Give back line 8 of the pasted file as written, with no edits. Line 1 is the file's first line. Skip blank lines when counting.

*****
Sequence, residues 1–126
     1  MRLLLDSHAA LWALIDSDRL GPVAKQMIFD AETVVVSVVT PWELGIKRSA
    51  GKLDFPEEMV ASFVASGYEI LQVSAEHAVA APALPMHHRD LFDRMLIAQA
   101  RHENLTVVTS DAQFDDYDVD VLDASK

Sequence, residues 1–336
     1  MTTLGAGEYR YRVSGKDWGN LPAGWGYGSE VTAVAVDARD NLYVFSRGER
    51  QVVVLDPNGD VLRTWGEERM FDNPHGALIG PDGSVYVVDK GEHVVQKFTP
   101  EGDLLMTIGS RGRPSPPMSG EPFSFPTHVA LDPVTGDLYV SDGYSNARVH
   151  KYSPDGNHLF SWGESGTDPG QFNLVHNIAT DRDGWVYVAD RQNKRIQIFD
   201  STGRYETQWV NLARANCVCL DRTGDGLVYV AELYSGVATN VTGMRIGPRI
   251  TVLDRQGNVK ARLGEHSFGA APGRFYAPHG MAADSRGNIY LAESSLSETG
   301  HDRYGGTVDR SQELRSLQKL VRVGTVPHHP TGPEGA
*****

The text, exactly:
   101  EGDLLMTIGS RGRPSPPMSG EPFSFPTHVA LDPVTGDLYV SDGYSNARVH